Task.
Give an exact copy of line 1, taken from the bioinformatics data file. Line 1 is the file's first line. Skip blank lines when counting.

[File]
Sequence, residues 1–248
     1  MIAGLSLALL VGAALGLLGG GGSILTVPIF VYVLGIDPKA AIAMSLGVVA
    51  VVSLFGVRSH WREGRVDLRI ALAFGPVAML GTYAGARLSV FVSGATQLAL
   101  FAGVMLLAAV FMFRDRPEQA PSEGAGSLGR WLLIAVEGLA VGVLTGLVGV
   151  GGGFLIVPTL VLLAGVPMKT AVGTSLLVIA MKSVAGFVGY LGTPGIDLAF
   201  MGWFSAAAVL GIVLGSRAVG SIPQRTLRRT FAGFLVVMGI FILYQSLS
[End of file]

Sequence, residues 1–248